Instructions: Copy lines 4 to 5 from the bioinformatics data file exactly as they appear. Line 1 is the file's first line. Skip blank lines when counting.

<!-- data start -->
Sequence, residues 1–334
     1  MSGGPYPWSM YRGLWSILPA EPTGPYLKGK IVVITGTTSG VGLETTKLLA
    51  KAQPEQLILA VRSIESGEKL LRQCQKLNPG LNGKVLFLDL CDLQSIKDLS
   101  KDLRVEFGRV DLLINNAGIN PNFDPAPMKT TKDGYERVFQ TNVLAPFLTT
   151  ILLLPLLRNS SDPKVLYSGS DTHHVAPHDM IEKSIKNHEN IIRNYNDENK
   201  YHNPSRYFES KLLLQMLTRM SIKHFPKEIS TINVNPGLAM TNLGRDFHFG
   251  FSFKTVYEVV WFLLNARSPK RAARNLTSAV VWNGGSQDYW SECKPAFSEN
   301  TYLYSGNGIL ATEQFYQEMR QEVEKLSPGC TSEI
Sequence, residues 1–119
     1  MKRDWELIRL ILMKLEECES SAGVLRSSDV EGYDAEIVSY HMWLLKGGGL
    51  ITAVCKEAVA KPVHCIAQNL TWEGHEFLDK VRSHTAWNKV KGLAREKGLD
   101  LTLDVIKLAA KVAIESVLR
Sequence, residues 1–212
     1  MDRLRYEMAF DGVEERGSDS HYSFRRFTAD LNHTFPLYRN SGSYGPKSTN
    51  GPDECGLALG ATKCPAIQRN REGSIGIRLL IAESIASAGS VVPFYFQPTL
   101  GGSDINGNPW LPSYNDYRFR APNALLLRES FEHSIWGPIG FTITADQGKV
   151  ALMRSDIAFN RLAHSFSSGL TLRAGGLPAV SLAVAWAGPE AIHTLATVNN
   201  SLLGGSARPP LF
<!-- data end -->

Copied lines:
   101  KDLRVEFGRV DLLINNAGIN PNFDPAPMKT TKDGYERVFQ TNVLAPFLTT
   151  ILLLPLLRNS SDPKVLYSGS DTHHVAPHDM IEKSIKNHEN IIRNYNDENK